Wednesday, April 11, 2012

J is for Jack

Jack is our youngest, but is quite easily the most enthusiastic about farming. A couple of months ago he told me: "Dad, when I retire from being a pro soccer player, I want to be a farmer just like you."

 Whether it's helping pick eggs, feeding the pigs or moving the cows to a new pasture, Jack wants to help. If I have tractor work to do, he rides along. When I go to pick up feed or farm supplies, Jack rides with. The whole time is filled with questions about what, why, and how we do things. In his nearly six years, Jack has absorbed an incredible amount of knowledge about our sustainable farm.

Last year, at the end of a long day in Springfield for the Local Food Lobby Day, Jack and his brothers insisted that they come along to our meeting with Lieutenant Governor Simon.

All our boys are emeshed in our farming enterprise with Jack most of all.

I is for Illinois Local, Food, Farms, and Jobs Council

Local Food Lobby Day in Springfield

Awareness and demand for local foods continues to grow across America. However, as is often the case with new trends, peoples' longing to know more about the "where?" and "by whom" of their food began on the coasts with the mid-western states lagging behind.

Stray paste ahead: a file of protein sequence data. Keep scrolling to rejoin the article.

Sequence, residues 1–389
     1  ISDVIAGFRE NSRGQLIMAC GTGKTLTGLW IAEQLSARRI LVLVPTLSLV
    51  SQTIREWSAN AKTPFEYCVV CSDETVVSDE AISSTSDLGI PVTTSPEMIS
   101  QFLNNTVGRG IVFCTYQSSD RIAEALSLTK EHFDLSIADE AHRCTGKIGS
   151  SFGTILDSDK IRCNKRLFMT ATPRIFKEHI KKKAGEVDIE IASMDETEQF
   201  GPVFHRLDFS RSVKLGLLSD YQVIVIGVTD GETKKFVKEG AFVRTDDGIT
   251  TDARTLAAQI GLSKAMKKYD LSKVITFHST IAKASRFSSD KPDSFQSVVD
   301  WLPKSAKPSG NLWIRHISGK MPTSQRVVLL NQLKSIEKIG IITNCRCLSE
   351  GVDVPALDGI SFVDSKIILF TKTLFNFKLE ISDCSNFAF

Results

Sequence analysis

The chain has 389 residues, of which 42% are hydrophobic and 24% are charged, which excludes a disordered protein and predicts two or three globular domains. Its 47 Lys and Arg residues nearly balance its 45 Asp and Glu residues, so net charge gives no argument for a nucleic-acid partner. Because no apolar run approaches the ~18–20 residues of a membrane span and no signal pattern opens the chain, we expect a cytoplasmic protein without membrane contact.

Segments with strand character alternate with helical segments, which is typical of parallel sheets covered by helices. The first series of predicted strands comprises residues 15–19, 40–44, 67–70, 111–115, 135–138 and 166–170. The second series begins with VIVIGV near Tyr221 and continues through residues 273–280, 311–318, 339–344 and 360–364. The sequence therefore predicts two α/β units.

This Illinois' local food movement picked up the pace in the late nineties as Angelic Organics farm grew into one of the largest and most iconic CSA's in the country and nationally know chefs like Rick Bayless committed to sourcing from local farmers.

Things really took off in 2006, when Debbie Hillman of the Evanston Food Policy Council, approached then State Representative Julie Hamos (now IL director of Health Care and Family Services) about the concerns her urban constituents had about food and farming issues. From this initial discussion, legislation was drafted (titled the Illinois Local and Organic Food Farms and Jobs Act), and a statewide coalition formed to press for it's passage.

I joined the effort at the behest of Kendall Thu an anthropology professor at Northern Illinois University who had joined our CSA the previous year. I joined conference calls with local food proponents from throughout the state, called my representatives, and spread the word to all our farm contacts to support the effort. In 2007, the act passed and the Illinois Local Foods Farm and Jobs Task Force was formed.

The task force spent a year working on a comprehensive document to present to the legislature that detailed the state of local food in Illinois and recommendations for building the local food economy in Illinois. In 2009, the report generated follow-on legislation establishing the Illinois Local, Food, Farms, and Jobs Council.

I have served as a council director since 2010.